Virginia anglers have been treated to very good action with a wide variety of species. Sightcasters have been spotting, casting to and hooking a lot of big brown cobia. Immense cobia to 80 pounds have been brought to the scales. At times, sightcasters have seen red too, as in red drum. Even a few black drum have been reported. Silver speedsters, in the form of Spanish mackerel, have been taken by trollers along the Virginia Beach oceanfront. Flounder fishing has been on the upswing. Spadefish and sheepshead have also provided action. Yellowfin and bluefin tuna, plus a few early white marlin, have sparked plenty of excitement on the offshore grounds.
(Photo: “With the weather looking so good I talked my wife into taking off work at 10 and heading out to some cobia fishing. We got out to York Spit area at 11:30 a.m. and needless to say there were fish everywhere for the first 2-1/2 hours.” Dedicated Tidal Fish poster Entourage said, “My wife is way out of practice throwing eels and Hogys so most of the fish were a bust due to bad casts.” Many of the fish they saw also had “lock jaw and were rats, but the last bit of our trip we found a nice pair and they were hungry.” After a perfect cast the bigger of the fish (a 50 incher) ate a 14-inch plastic eel. “She did a great job fighting it and rigging eels too.”)
Ken Neill reports in from tidal Virginia:
The northeast wind caused a couple of cobia tournaments to be postponed. It did not do much to slow cobia fishing though. While the conditions were not good for sight fishing, the northeast wind really turned on the chum bite. Boats braving the conditions caught a half-dozen cobia or more each and fish to over 80 pounds were brought to the scales. When the wind subsided, sight fishermen were back out in force. After the blow, offshore boats found the tuna and dolphin still waiting for them. So far, it has been a great offshore season off of Virginia. Everyone is hoping that the yellowfin tuna will continue to hang around. They are here now so get out there if you can. Amberjack have made a showing at the southern towers. Spadefish are at the Chesapeake Light Tower and at the CBBT though I have not heard of any large spadefish being caught yet. Big sheepshead are at the CBBT. Spanish mackerel fishing is very good at Cape Henry and Sandbridge. Large speckled trout are being caught inside Back River, on Poquoson Flats and in the Mobjack Bay area. Big red drum continue to bite crab baits on the shoals at the mouth of the bay. Schools of big red drum are also being encountered by boats looking for cobia. Some black drum are schooling around the islands of the CBBT. Flounder fishing has really turned on. Some limits of flatfish are being caught with a good number of citation-sized fish. The best bite has been around the CBBT. Up the bay, in the Cell/buoy 42 area, the bite has still been slow but some nice fish are being caught up there too, just not in great numbers. That bite should pick up over the next week or so.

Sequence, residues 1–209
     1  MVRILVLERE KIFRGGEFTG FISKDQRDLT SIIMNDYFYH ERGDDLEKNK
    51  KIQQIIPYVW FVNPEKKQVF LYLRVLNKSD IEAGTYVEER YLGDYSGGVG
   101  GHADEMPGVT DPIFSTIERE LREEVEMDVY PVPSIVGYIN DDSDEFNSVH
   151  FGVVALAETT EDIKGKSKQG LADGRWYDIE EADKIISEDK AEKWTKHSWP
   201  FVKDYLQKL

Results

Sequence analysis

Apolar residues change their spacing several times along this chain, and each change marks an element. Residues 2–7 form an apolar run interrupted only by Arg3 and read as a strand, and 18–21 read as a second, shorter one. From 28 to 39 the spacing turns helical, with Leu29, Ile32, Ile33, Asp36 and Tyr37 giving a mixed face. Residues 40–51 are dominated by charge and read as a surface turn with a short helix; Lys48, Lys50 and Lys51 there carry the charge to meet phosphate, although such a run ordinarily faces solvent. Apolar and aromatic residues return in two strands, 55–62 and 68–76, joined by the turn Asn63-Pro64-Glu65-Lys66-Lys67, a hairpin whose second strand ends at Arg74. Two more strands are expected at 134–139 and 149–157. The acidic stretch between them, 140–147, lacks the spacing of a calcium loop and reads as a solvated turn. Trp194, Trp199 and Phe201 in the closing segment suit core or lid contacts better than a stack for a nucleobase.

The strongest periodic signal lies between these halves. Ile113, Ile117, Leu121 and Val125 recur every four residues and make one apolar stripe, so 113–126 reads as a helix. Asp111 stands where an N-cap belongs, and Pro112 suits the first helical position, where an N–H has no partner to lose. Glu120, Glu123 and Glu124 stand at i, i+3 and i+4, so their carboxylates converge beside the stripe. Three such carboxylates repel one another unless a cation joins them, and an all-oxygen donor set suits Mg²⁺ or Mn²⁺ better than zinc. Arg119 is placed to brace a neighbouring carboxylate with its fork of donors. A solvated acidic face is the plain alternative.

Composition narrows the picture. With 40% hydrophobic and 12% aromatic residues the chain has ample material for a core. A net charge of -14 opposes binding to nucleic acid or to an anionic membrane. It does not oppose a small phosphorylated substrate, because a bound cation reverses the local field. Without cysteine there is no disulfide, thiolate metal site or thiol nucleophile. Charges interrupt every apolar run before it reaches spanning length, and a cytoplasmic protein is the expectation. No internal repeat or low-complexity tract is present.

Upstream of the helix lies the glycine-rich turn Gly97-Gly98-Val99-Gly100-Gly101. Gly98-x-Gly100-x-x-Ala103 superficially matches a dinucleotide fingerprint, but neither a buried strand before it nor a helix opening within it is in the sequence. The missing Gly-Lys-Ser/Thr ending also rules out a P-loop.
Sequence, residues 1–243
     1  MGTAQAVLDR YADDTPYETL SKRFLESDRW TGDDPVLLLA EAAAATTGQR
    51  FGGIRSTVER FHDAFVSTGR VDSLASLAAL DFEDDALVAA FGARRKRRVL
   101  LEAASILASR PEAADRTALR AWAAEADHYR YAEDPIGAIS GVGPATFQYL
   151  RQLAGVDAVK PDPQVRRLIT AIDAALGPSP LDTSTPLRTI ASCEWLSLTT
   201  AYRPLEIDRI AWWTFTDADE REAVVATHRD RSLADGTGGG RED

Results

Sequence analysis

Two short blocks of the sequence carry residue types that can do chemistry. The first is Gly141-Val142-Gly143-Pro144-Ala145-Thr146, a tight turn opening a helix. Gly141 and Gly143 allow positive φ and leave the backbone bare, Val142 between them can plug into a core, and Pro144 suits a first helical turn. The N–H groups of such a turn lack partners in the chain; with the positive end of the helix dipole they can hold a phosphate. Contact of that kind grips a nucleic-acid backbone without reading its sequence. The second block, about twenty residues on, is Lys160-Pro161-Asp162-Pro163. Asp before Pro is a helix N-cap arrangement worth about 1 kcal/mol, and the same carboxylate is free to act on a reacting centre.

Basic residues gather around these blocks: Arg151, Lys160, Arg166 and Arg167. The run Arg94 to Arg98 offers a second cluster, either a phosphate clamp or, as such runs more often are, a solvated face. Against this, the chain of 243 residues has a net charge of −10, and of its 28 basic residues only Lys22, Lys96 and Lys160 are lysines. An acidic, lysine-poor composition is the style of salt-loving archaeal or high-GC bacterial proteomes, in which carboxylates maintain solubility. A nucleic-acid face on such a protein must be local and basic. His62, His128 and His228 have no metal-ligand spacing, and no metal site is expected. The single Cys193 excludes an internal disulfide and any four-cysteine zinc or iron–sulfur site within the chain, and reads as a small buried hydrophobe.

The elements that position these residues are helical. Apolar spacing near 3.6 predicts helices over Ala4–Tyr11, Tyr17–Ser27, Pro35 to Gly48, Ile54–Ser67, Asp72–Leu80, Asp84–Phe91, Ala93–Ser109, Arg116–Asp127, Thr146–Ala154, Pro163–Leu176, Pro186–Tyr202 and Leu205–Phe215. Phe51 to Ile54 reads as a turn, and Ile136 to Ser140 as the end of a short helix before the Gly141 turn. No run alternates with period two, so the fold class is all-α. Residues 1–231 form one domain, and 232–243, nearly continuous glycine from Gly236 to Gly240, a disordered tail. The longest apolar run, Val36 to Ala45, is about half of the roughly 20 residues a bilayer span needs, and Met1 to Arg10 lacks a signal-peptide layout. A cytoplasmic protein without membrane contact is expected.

Here are some recent reports:
June 19 - the Tuna Tracker fished out of Hatteras. They caught 25 nice dolphin and two wahoo.
June 19 - Capt. Jorj Head went sight fishing for cobia. They caught three fish with the largest a bit over 50 pounds.
June 19 - Martin Freed and Ruta Vaskys chummed at Bluefish Rock. They caught a 42-inch red drum. Calling it quits, they pulled up the chum bucket and a cobia followed it up. They put an eel in front of it and then a chunk of bunker. The fish did not want either. Then they put a leftover ballyhoo, from their last offshore run, on a hook and put that over. That was the ticket as the cobia inhaled the ballyhoo. It was just under keeper size so it got released along with the drum.
June 18 - Hunter Southall did some chumming for cobia but found the sharks too thick. They decided to go look for them. They saw about six fish and caught two cobia.
June 18, I (Ken Neill) made an early run over to the Eastern Shore to look for tarpon. I saw no sign of them. On the way back, I looked for cobia and found several by seeing their wakes in the very calm water. Good cast on three of them resulted in no hook ups though all three went after the eel.